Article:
Bill Anderson




Americans are hearing a lot about reparations, that is, repayment to blacks for their suffering caused by America’s slavery past.

The enslavement of blacks in the US is a horrific chapter in our national history. Period. Full stop. End of story.

Assuming modern Americans should pay for the sins of our fathers, however, even if reparations seem to be a part of the solution, is a classic Gordian knot.

What algorithm is capable of determining equitable payment for such loss to a modern black person? Down to, say, the third generation away from any slaveholder?

What about the black who has absolutely no sense of such pain, because in their specific context, they did not suffer?

If it is impossible—as is often said, as a predicate for reparations—for a white person to understand the burden of a person of color in America, it is also impossible for a person of color to understand how it feels to be born with a white skin and being held guilty for a crime in which he had absolutely no involvement. (That would obviously include the non-black American whose forbears immigrated to America after 1865, and who, therefore, had no relationship to slavery. Does he pay up? If so, why, and, again, how would his debt be equitably determined?)

And then there are the descendants of the hundreds of thousands of whites who lost their lives in the Civil War to free black slaves. Reparations from their descendants?

What is to be done about the descendants of black slavers/slaveholders, including blacks who captured slaves in west Africa and sold them to slavers, black and white?

What about the slaveholders, and their descendants, who treated their slaves with kindness and gentility, as fellow human beings, who saw that they received an education, and freed them of their own will? Maybe a ten percent break on the fine?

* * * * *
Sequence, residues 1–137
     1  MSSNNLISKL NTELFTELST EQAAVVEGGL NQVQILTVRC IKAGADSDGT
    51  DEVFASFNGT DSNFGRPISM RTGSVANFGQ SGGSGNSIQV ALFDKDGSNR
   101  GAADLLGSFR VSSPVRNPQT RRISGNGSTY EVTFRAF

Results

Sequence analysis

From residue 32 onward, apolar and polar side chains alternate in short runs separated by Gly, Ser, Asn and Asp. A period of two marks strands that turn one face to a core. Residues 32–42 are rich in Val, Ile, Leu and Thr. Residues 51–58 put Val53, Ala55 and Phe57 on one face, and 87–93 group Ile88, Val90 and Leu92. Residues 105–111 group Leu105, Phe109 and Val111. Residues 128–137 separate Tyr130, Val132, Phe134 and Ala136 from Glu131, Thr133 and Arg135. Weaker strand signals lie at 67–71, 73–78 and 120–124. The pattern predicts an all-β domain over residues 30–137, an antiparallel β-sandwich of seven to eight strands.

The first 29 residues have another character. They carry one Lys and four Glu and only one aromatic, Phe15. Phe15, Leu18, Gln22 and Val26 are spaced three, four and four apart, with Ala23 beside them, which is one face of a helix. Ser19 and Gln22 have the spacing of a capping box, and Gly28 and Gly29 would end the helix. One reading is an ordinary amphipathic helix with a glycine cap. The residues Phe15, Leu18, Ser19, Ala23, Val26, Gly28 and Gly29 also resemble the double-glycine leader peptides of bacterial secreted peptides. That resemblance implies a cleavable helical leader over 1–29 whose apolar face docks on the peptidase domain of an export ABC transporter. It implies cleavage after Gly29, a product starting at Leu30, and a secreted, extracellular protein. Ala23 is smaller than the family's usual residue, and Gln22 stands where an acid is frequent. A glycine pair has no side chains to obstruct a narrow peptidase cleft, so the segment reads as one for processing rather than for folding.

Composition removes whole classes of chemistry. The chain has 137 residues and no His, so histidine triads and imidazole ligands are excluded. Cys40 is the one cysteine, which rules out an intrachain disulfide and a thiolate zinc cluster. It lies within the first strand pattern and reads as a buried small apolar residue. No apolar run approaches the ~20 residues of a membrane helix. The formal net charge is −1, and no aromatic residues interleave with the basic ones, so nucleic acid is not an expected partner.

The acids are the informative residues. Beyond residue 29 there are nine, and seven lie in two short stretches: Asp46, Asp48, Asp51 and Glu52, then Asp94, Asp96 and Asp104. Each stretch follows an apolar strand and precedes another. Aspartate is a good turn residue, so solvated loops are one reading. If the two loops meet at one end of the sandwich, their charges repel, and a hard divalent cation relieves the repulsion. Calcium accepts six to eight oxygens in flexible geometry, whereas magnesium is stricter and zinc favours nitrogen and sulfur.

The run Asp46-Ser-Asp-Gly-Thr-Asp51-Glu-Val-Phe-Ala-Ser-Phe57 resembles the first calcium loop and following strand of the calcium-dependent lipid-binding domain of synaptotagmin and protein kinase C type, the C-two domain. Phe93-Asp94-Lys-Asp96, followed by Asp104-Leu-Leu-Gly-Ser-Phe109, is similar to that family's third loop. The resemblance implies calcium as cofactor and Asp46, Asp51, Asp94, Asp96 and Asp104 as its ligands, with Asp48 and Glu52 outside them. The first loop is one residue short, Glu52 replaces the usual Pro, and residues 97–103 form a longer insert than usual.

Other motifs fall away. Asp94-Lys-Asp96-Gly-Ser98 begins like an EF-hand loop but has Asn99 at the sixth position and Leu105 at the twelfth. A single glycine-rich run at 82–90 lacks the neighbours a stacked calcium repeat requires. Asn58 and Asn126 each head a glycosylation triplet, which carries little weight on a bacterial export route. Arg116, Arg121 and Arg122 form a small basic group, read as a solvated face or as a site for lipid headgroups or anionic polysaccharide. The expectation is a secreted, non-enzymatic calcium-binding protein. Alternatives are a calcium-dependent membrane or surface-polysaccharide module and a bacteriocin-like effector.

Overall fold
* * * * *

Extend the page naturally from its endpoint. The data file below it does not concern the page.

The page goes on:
Interestingly, I have never heard any call for modern slaveholders in various mid-eastern countries to free their slaves and pony up. (Check the web, and various histories of the middle east. See, especially, the acknowledged guru on the subject, the late Bernard Lewis’ “What Went Wrong?”)

Perhaps the best way forward is to understand that all individuals and all collections of individuals, skin-color aside, are actual sinners. And maybe it is time for all well-meaning people to admit our sins and move on: Catholics for Torquemada, Protestants for Calvin’s Geneva (and Servetus), Muslims for their sixth-century ravages across the mid-east (and modern jihadism), Anglicans for King Henry VIII, American southern evangelicals for serious anti-black sentiment (I pastored a church in the south which for its first 118 years had never received a person of color into its membership!), Mexicans for what they did to the Aztecs, Mayans, Toltecs, et al., early Americans for what they did to aboriginal peoples in the western hemisphere, blacks for white-prejudice/mistreatment and whites for black-prejudice/mistreatment, and much else (!)and get on with doing the best to pursue justice and opportunity for everybody.

America’s curse is that our founders set such a high standard for us and our failure to achieve their ideals. That curse is, at the same time, our glory. America has lifted more people out of poverty, has raised the living standards for more disenfranchised people, liberated more people, and accepted more immigrants than any nation in human history, but we—like every other nation on earth—have much to regret and a long way to go toward acceptable behavior.

The whiny tit-for-tat “who-owes-who-for-what-and-for-how-much” game could easily go nuclear and destroy us. Like MAD, the Mutual Assured Destruction of the Cold War days.

Nothing must prevent us—today—from doing what is right about injustices of any serious sort, but one can hope we will soon tire of dragging corpses about and move on to a better future. Now. The impetus? Just this: it is better to fail in a grand cause then to succeed in a debased one.

Bill Anderson
Grapevine, Texas

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